One night, my brother and his girlfriend were watching TV when Mick Jagger came on the screen.
“Wait,” she said. “Mick Jagger is a real person?”
“Yeah…” said my brother.
“So that’s what ‘Moves Like Jagger’ is about!”
The Rolling Stones’ cultural relevance has never been lower; as the above anecdote reveals, not all Americans know who Mick Jagger is. (He’s the frontman of the Rolling Stones.) After overhearing this conversation, I got to thinking about the Rolling Stones and what they mean today. I know who Mick Jagger is — impossibly, I feel as though I’ve always known — but when I hear the term “Rolling Stone,” I think of a trio: the Rolling Stones, Rolling Stone, and “Like a Rolling Stone.” And then I wonder: which came first?
As always, Wikipedia proved to be a pretty expedient way to find out. Here is the order, starting with the most recent:
- Rolling Stone, a magazine established in San Francisco in 1967
- “Like a Rolling Stone,” a Bob Dylan song recorded in New York in 1965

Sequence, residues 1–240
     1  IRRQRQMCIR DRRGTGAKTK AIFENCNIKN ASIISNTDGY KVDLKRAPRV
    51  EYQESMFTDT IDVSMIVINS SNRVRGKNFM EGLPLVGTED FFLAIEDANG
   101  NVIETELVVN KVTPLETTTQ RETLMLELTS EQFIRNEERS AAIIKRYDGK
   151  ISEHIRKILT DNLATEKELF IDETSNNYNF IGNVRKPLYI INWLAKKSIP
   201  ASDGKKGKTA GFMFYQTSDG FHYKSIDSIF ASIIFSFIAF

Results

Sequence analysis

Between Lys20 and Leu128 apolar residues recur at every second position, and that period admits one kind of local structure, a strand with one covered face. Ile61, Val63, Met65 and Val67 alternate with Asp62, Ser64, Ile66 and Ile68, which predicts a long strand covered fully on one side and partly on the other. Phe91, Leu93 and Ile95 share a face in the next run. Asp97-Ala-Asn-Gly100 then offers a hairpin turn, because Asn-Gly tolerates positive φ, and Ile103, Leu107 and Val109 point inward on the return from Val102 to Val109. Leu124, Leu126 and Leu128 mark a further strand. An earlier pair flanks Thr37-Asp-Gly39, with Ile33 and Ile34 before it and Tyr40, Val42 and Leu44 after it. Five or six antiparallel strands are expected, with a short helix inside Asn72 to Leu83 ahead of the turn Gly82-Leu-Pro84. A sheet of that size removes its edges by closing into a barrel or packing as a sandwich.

- the Rolling Stones, an English band started in 1962
The oldest on the list, the Rolling Stones, were named when guitarist Brian Jones was on the phone with Jazz News — a periodical in which he he’d run an ad for bandmates, an ad that brought him Mick Jagger and Keith Richards. During the phone call, the Jazz News reporter inquired about the name of Jones’ band. Jones looked down at a Muddy Waters EP and saw “Rollin’ Stone,” the name of a classic blues track that few Americans still know. (In a way, “Rollin’ Stone” is to the Rolling Stones as Mick Jagger is to “Moves Like Jagger.”) And he said the band would be called the Rolling Stones.
So before Rolling Stone was “Like a Rolling Stone”; before “Like a Rolling Stone” was the Rolling Stones, and before the Rolling Stones was “Rollin’ Stone.” And some of you know this: Muddy Waters’ song, while more than 60 years old, is still not the originator. The term goes back to the proverb “A rolling stone gathers no moss,” which first was an indictment against the rootlessness that comes with drifting, and later became a statement against the stagnation that comes with refusing to drift.
I’m not sure exactly where I’m going with this, but the minimal research involved has left me with an impression: that the origin of this and countless other things goes back farther than I can possibly intuit; and that the thrill of real investigation — where you have to ask one person, who leads you to an expert, who points you to an answer — is becoming more and more elusive, and Wikipedia gets better by the year.